Disaster Response Management Program
Environmental disasters such as landslides and typhoons are some of the events that Philippines always encounter. With this frequent challenge, Simbahang Lingkod ng Bayan (SLB) came up with its Disaster Response Management Program to contribute in responding to the needs of the survivors of disasters.
Disaster management covers broad scope that caters to preparedness, mitigation, response and rehabilitation but SLB focuses on the response and rehabilitation aspects of Disaster Management. As an immediate response to the needs of the survivors, SLB gathers funds and goods from donors and send relief goods to the disaster areas in coordination with the religious institutions, Social Action Centers and local communities. SLB also conducts rehabilitation activities through Psycho-social Intervention.
Upon some reflections on these experiences, over and above the undeniable situation for civil society to augment the government’s efforts at addressing needs of resource-poor communities struck by calamities, the following insights have been gained and have further strengthened SLB’s resolve to continue this line of work.
* Disaster response is a compelling way to move people from apathy to involvement
Disaster affects all of us, deeply. Regardless of social class, gender or race, we are moved to the most powerful emotions whether we are its victims, survivors or spectators. Pity, grief, anger, pain, and compassion, have at one point or another, become part of us amidst the aftermath of tragedy.
Despite languid and seemingly apathetic reactions by the general public for socio-political action, the response is never this way for disaster. In all of SLB’s relief efforts, donors were sending in their donations and volunteers came to help pack goods within days of the tragedy. “Is there anything I can do or give?” is what people would immediately be asking, even before the fund drives are formally launched. The disaster response operations (of collecting, bagging and delivering the donations) become an invaluable opportunity for so many citizens to move beyond lip service to concrete action.
* In the work of disaster response, deeply Christian humanist values are fostered
The experience of our donors and volunteers is that of responding to a call. Sometimes people will help in packing relief goods, simply because there is a call for help (even if they are not so much aware of the situation in the affected areas). On the other hand, others who later reflect on their involvement, find how the circumstances of their working with SLB are far more than coincidental, and have led them to deeper, lasting engagements in social development where they have found life-meaning.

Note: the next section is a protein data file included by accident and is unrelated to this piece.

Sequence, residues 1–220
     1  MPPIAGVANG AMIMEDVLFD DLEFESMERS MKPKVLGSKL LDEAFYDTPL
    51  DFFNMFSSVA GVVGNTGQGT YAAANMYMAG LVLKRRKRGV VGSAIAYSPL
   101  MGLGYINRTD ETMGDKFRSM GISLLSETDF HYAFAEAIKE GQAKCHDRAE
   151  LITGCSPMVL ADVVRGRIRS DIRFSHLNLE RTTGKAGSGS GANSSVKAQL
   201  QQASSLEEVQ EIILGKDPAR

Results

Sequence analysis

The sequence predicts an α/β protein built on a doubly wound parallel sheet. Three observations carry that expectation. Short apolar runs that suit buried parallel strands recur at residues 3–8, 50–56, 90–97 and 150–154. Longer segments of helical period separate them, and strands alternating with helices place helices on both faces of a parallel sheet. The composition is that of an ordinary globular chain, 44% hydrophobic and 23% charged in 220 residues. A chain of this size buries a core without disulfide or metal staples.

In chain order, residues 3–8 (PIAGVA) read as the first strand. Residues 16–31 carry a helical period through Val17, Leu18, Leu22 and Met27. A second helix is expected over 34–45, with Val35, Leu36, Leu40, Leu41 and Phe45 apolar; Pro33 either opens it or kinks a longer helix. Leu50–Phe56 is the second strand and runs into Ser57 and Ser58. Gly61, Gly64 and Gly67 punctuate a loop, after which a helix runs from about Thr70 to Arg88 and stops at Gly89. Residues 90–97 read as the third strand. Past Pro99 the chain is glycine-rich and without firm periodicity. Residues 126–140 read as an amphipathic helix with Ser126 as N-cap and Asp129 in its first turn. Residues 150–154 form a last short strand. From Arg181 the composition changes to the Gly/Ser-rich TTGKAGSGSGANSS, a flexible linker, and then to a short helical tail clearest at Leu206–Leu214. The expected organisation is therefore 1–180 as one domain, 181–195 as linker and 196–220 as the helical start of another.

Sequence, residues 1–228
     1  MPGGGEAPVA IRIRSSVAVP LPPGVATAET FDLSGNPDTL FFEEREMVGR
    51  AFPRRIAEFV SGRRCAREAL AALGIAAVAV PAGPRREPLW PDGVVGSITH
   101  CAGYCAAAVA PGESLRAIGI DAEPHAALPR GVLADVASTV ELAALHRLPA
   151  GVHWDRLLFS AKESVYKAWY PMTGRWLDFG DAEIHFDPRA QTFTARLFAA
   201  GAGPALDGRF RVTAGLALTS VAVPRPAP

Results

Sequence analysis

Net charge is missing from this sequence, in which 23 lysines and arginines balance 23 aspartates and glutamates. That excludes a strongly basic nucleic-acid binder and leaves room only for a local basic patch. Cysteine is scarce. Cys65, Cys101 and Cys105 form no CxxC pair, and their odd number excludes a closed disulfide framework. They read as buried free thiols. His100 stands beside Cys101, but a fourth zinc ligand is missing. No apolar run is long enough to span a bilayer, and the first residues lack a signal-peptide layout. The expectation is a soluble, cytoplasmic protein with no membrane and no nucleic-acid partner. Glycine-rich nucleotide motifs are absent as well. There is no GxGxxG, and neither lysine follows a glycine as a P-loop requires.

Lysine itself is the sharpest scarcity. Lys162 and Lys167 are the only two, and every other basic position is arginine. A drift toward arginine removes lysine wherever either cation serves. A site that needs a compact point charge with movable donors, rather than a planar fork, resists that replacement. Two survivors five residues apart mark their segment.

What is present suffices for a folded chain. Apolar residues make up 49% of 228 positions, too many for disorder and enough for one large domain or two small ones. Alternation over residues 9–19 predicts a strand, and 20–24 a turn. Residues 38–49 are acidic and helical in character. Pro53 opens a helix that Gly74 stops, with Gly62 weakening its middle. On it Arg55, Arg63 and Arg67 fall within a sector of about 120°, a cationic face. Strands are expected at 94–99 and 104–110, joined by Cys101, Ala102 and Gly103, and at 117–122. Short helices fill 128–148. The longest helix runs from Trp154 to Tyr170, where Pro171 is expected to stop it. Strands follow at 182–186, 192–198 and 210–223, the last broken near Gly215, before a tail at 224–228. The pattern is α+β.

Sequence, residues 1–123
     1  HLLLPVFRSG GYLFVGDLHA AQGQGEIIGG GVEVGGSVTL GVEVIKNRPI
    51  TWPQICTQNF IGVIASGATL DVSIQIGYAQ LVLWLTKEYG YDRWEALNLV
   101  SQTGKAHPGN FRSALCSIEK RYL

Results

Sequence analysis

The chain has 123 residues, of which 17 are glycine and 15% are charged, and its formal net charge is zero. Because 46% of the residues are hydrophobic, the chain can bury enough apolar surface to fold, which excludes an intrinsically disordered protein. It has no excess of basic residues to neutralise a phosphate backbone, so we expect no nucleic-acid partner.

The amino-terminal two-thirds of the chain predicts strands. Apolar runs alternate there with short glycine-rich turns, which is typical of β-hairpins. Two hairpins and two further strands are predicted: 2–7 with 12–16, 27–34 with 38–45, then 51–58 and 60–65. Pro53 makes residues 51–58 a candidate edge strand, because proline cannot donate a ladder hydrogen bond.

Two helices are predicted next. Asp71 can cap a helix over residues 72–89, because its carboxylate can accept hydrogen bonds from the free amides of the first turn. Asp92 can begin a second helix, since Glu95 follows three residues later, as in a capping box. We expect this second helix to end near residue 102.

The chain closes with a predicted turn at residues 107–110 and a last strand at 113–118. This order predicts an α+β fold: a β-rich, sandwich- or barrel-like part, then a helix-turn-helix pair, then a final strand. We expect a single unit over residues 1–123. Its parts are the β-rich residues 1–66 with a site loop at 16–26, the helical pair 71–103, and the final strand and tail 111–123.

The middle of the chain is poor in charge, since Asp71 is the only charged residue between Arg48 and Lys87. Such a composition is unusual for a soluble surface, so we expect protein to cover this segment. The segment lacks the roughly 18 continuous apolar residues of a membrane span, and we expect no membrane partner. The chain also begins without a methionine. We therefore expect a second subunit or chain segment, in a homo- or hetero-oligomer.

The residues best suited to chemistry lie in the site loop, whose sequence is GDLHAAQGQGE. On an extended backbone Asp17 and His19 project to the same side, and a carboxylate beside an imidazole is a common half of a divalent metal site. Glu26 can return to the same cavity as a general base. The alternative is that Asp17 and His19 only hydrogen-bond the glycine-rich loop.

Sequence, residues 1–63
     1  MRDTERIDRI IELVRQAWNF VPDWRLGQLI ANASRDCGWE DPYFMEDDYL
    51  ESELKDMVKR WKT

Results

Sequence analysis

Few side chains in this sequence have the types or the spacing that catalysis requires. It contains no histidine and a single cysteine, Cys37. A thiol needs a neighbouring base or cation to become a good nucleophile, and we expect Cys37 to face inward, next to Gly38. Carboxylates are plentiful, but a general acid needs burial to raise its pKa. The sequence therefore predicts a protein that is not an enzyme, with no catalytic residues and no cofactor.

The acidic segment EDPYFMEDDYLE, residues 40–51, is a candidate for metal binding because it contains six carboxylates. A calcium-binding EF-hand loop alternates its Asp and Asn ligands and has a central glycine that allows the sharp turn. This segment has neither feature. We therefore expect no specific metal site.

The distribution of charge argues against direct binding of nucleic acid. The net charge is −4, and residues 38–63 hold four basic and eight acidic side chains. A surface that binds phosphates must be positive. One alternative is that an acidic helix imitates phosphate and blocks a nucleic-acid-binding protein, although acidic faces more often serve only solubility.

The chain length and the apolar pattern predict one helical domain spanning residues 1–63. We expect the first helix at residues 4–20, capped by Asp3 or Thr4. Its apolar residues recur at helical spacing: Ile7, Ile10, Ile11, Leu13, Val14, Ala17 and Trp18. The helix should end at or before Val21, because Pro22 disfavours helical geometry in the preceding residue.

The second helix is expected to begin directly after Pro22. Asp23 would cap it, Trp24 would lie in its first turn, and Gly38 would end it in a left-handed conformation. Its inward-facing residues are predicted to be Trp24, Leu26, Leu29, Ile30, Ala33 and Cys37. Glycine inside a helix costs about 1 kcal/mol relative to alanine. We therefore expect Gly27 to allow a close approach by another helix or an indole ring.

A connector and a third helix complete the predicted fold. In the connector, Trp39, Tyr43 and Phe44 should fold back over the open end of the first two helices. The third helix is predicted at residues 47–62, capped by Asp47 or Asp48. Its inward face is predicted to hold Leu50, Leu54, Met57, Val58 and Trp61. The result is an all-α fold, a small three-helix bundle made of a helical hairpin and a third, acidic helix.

Calamities like typhoons and flash floods bring the vulnerability and the social insecurity of the poorest of the poor to the core. More and more concerned private citizens get involved in doing something. This then leads them by far to a greater consciousness towards the option for the poor and social responsibility.
* Over time, people are moved from involvement to commitment, then to dedication
Current fund raising and advocacy paradigms have identified the dynamics of being able to move people from indifference to awareness, awareness to involvement, involvement to commitment, then finally, commitment to dedication. Many repeat-donors and volunteers who have become regulars at relief operations have affirmed this to be an accurate picture of how such an opportunity to serve has grown on them and has helped them make the choice to do more regular service or volunteer work. Such a dynamic is clearly fertile ground for the seeds of responsible citizenship to be planted. Interestingly, the said dynamic of faith, of one’s relationship with his or her God, in this case, is concretely faith that does justice.
* Emotional bonds to areas of need become the building blocks for lasting concern
For many volunteers the memory of having helped in relief operations for a community badly hit by a calamity forms emotional bonds. Long after the relief operations, they may be a little more alert in listening to the news when that particular place is mentioned. Some even follows up with the SLB office long after the operations (e.g. “Kumusta na yung napuntahan natin sa Guinsaugon?”) In the experience of other volunteer groups such emotional bonds to areas of need and the chance to participate in shared efforts become building blocks for a deep, lasting concern and that larger sense of community (that our actions can make a difference beyond our own micro-communities). Expanded further, this sense of stake or emotional investment, are perhaps the foundations for what we know we need to build on as people: a stronger sense of nationhood and love for country.
* The response of donors and volunteers has always been overwhelmingly inspiring
The generosity of the donors, the magnanimity of the volunteers, the spirit of magis that drives us to make better our efforts to help (i.e. the development of the psycho-social framework and network, the immediate response, seeing people from all walks of life, coming together for a common purpose: these all are the icons of hope that we so much seek for this generation.